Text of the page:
Kanchan Gupta, associate editor of The Pioneer and a part of Atal Bihari Vajpayee‘s PMO, kicks where it hurts most in the matter of the tainted Pakistani TV journalist, Hamid Mir.
The Geo TV anchor, who has interviewed Al Qaeda chief Osama bin Laden thrice, now stands accused in the court of public opinion of instigating the murder of a kidnapped hostage at the hands of the Taliban.
“Geo TV belongs to Independent Media Corporation, which owns the Jang group of newspapers. And as we all know, the Jang group is the Pakistani partner of a well-known Indian group of newspapers in a joint venture called ‘Aman ki Asha’ which aims to promote cross-border harmony and peace.
“It would be perfectly in order to ask how can a media group that has die-hard Islamists with links to terrorist organisations vehemently opposed to peace with India in senior positions be a trans-border peace partner.
“It would also serve some purpose if we were to be told as to why the Jang group was selected over other newspaper groups or independent dailies like the Daily Times, which has played a leading role in exposing and outing Hamid Mir.
“Chinese whispers are not exactly reliable. But there could be some truth to the story doing the rounds that it was neither aman nor asha that prompted the partnership between the two media groups.”
Read the full article: The secret diary of Hamid Mir
Also read: When journo bites journo, it’s a ‘Super Exclusive’
Can newspapers bring peace between India, Pakistan?
‘The Lone Ranger of Loony Hindutva’ versus…
Death—ordinary, unglamourous, “smalltown” death—increasingly catches the glitzy, big-city English media on the wrong foot.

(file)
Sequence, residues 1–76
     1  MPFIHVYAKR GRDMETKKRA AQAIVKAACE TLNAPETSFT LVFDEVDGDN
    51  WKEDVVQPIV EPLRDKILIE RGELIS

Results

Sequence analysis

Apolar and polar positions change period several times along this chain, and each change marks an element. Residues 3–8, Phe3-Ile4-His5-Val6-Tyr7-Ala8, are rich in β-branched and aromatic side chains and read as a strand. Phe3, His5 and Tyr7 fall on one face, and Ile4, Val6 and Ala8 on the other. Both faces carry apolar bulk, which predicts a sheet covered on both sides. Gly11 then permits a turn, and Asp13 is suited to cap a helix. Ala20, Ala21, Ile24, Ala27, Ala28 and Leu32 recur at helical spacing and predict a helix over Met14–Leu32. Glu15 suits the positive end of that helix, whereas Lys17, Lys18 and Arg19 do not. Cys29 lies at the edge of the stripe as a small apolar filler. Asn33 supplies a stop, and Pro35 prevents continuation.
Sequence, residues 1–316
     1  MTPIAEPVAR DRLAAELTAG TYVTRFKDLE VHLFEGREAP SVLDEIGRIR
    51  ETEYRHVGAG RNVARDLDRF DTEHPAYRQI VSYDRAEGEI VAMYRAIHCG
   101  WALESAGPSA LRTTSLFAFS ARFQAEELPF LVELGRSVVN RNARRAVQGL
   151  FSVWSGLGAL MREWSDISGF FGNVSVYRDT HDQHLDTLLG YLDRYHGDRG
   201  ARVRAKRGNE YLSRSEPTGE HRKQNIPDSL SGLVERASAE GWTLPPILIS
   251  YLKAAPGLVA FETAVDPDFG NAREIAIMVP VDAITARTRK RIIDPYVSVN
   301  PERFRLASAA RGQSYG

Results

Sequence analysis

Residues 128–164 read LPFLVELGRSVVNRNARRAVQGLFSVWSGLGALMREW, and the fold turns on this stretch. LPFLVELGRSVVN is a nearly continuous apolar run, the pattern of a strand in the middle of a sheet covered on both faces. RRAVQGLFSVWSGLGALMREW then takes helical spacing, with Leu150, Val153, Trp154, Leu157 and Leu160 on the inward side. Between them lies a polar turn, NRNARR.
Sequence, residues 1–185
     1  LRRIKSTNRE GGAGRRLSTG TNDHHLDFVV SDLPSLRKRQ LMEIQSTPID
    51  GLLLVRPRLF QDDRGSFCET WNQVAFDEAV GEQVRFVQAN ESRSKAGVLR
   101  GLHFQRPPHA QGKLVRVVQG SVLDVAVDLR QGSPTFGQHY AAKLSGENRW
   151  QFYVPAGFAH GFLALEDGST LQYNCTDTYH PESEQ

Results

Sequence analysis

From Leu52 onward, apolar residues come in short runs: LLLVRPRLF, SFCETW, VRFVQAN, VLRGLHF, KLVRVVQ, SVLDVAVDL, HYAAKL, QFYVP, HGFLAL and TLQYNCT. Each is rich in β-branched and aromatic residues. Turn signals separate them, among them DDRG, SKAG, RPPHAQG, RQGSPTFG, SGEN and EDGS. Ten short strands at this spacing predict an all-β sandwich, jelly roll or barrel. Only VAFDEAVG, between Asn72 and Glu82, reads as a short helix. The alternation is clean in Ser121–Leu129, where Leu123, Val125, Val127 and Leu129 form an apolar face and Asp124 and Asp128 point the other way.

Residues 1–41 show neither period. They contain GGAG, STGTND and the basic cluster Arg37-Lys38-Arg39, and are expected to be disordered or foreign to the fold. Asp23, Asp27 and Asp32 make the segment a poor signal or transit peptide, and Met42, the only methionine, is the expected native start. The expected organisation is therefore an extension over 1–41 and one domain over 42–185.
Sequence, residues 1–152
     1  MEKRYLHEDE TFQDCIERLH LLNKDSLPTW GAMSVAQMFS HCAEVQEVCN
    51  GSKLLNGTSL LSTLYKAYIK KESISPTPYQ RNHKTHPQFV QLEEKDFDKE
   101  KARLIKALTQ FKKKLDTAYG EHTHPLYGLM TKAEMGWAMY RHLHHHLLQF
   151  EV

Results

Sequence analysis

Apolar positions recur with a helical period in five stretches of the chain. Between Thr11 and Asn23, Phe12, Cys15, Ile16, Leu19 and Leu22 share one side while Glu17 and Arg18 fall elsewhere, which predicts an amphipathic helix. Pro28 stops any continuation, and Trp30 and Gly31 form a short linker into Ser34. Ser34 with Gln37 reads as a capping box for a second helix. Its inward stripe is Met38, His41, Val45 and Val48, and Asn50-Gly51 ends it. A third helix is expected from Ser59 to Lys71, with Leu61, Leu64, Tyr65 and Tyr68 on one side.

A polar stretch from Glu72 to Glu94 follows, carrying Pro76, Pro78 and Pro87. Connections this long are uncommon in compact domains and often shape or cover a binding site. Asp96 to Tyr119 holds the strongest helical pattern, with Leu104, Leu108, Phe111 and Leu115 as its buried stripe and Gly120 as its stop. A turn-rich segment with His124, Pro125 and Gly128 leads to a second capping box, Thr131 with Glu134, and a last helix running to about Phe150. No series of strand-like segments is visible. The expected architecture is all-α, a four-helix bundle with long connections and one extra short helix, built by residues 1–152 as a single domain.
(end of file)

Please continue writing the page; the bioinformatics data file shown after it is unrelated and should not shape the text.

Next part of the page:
Unlike the “26/11” siege of Bombay, in which almost as many people were killed as in the Mangalore air crash, you do not find TV and print journalists falling over each other to catch the “first flight” to the spot.
Or, crawling on all fours to shoot a piece to camera, or to provide what used to be known simply as copy but is now fancifully called “narrative”.
As if death by any cause other than “terror” is no death.
As if death in any city other than Bombay and Delhi is no death.
As if death outside of a five-star hotel or two is no death.
The wisecrack of the day comes from Pritish Nandy, former editor of the now-defunct The Illustrated Weekly of India, as if the media did “anonymous people” a favour by giving them airtime on a day like 22 May 2010. Otherwise, they might as well not have existed as far as the media was concerned.
As if, otherwise, the media’s mandate is to merely bring home celebrities and “people like us”? PLUs like the food writer killed in 26/11? The banking executive who had a narrow escape? The board of directors who were smuggled out of the chimney?
Is making people “famous”—manufacturing fame—the media’s sole business?
Also read: ToI food writer Sabina Sehgal Saikia is dead: RIP